“And David sent and enquired after the woman. And one said, Is not this Bathsheba, the daughter of Eliam, the wife of Uriah the Hittite?” (2 Sam. 11:3).
Position. Like many other words, this word takes on several meanings. One definition is a “condition with reference to place, location, or situation”. Another definition is a “status or standing”. A third definition is “ a post of employment”. The last definition is “a bodily posture or attitude or mental attitude”. In reference to our study for today, we have to determine which definition best suits our purpose in terms of Kingdom living.
Understanding The Text
In understanding the text, we realize that the text begins with an important statement in verse 1. The text reads that, “…at the time when kings go forth to battle, that David sent Joab…” (v. 1). Then as we continue to read, we notice “…that David arose from off his bed, and walked upon the roof of the king’s house…” (v. 2). At first glance, we may wonder, “What’s wrong with this picture”? David was resting. Nothing wrong there. He arose from his rest and went to his roof. Nothing wrong here either. He wanted some fresh air. This all appears to be innocent. So what is the problem?
The first problem is that the word, position, comes into play at this juncture. First, in David’s position as king (third definition mentioned above), he is not in the right position (first definition mentioned above). In fact, as the king, David should be in the battle with Joab and the armies of Israel (v. 1). So, according to the text, David is not in the proper position for his position. In other words, David is in the wrong place at the wrong time.
Similarly, the second problem is that the word, position, comes into play again. When David went onto his roof, “…he saw a woman washing herself; and the woman was very beautiful to look upon…” (v. 2). He inquires about the young woman and one of his servants tells her name to the king (v. 3). Upon learning who the young woman was, David should have left off from pursuing the matter. However, David does not concern himself about what he learns and allows his desire to consume him (fourth definition mentioned above). In spite of this, he must have this young woman (v. 4).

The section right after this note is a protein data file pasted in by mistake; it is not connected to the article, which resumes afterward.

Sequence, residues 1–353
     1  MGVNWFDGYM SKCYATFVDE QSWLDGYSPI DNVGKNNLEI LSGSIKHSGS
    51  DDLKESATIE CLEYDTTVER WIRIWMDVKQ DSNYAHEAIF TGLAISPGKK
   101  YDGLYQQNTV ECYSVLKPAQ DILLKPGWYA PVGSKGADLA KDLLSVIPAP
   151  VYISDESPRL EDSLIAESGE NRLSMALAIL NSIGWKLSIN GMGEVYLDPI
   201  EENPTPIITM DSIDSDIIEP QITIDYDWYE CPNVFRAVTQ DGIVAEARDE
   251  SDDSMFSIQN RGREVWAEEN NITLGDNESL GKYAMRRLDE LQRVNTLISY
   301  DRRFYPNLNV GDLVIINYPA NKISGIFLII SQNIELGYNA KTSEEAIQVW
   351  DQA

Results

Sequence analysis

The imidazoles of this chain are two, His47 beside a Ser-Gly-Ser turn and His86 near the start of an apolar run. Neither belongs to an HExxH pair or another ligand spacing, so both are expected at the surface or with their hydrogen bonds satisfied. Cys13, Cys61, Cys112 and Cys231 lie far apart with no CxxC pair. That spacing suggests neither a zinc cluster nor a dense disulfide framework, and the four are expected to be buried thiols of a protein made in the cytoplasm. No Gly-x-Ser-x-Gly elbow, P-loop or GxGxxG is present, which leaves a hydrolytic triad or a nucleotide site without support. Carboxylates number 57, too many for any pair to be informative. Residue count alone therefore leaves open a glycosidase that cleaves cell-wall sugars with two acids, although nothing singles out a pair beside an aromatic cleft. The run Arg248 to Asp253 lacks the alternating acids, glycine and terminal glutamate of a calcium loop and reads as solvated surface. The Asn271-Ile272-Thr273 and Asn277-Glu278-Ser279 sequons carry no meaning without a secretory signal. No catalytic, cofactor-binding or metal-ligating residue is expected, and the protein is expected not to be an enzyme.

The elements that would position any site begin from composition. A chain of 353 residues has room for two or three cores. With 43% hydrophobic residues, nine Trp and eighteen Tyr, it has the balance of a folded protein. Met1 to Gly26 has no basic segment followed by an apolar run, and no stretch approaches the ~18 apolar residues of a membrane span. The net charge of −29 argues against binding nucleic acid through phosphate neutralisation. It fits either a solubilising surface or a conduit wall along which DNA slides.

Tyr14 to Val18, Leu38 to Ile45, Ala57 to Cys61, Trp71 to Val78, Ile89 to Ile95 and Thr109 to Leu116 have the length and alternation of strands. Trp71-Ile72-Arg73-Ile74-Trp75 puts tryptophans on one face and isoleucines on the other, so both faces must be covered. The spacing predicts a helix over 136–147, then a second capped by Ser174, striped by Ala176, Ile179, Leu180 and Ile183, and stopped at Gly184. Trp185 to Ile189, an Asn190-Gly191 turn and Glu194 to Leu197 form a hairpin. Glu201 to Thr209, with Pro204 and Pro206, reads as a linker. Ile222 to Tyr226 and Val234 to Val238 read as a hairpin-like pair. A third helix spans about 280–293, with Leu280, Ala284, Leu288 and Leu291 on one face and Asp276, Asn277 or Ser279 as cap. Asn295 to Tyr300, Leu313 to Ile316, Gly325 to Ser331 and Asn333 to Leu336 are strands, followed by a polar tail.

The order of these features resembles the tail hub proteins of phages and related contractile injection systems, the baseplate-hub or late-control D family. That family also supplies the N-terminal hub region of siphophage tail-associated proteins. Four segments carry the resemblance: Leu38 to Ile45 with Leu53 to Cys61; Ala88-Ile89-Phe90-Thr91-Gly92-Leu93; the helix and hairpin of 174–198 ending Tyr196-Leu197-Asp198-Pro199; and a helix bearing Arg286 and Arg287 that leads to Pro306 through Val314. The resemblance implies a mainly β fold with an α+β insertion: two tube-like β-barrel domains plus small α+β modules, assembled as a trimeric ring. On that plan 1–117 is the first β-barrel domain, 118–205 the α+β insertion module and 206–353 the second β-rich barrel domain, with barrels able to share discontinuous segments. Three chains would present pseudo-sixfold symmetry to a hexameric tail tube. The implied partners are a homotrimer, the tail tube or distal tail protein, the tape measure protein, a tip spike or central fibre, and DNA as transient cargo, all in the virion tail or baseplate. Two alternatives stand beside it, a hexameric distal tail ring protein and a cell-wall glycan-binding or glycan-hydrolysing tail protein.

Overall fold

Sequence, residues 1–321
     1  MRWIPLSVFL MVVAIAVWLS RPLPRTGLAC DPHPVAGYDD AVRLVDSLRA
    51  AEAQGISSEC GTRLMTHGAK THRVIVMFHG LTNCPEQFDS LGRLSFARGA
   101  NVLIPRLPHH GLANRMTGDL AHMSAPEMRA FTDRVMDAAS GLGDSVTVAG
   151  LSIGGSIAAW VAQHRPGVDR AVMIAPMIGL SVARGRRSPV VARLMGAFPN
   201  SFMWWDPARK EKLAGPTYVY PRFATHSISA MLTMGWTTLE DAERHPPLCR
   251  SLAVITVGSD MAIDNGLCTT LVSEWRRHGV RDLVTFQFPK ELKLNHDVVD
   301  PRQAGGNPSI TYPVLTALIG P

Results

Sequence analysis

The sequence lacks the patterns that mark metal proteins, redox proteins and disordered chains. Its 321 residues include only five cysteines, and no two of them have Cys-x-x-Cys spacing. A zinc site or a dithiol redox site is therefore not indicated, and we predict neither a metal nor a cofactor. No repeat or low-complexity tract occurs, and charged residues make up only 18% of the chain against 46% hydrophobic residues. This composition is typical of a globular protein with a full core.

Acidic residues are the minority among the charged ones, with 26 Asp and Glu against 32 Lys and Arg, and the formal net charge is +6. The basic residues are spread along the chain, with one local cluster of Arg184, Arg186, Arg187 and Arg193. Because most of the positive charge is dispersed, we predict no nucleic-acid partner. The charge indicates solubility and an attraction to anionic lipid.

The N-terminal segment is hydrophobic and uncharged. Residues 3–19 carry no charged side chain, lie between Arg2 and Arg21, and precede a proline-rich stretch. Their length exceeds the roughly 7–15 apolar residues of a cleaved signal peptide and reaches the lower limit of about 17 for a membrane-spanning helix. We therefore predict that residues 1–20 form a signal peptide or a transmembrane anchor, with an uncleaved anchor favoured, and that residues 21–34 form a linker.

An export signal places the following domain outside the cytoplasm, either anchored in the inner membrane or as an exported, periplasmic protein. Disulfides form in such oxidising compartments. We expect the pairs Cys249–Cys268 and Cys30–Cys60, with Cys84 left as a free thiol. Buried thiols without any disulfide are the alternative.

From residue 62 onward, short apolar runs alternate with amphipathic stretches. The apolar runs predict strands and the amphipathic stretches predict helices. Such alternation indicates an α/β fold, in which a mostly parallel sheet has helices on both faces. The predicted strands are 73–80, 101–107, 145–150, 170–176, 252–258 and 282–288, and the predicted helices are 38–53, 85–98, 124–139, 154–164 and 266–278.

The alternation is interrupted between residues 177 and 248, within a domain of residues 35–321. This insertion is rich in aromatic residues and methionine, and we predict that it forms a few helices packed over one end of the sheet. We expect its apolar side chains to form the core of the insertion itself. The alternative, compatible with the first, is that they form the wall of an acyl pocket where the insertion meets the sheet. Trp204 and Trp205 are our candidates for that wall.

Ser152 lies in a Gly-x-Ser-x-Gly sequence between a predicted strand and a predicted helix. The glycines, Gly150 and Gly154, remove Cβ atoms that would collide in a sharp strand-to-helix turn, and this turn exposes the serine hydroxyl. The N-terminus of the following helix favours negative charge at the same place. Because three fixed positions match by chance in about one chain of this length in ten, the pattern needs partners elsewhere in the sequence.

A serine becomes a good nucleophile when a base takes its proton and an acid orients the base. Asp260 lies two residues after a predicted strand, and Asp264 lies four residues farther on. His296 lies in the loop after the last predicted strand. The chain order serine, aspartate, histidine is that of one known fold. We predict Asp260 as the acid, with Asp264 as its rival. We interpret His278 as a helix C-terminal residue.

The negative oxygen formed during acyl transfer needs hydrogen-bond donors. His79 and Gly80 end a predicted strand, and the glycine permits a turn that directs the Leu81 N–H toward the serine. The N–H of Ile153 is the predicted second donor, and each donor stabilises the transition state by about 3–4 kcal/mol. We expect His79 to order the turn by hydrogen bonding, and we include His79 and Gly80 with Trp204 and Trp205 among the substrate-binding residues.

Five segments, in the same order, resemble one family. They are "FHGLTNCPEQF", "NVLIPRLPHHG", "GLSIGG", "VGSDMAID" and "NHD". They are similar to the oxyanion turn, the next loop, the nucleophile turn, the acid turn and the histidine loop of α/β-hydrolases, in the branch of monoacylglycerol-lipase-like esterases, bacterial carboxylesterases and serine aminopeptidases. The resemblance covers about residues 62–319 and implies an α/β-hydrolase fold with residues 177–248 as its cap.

In addition to this, David’s action also causes a third problem. In engaging in an adulterous relationship with this young woman, David sinned against God. Furthermore, these few moments of sensual pleasure affected his position (third definition mentioned above) with God. In the next chapter, Nathan the prophet confronts David concerning this. As a result of the confrontation, David repents and God restores David into a right position with Him. However, his actions will have long-lasting consequences within his life, his family, and the entire nation of Israel.
Why Is This Important To Us?
This is important to us because we have liberty as the sons and daughters of God in Christ (1 Cor. 8:9; Gal. 5:1). However, our position as sons and daughters of God does not give us the permission nor right to use this position in a manner that reflects badly upon our Heavenly Father and His Kingdom Agenda. For this reason, we must exercise godly discretion in our decision making and in every area of our lives. As noted in David’s situation, our actions can have negative, long-lasting effects upon ourselves and others directly and indirectly connected to us. As a consequence, some of these breaches in the relationships will never be repaired. In addition, the ones that are repaired will never be the same as a result of the potential damage stemming from our actions.
In consideration of this, we cannot be selfish in our decision making. One thing we must remember is that with position comes responsibility. Not to mention, in the Kingdom of God, every single decision we make, every action we take, and every word we say will have an impact on ourselves and others. In essence, what we must take into consideration is, “What is my desired outcome? How will my decision, actions, and words affect others? Is the potential outcome worth it?”.
Sean Mungin, author of “The Thorn In The Flesh”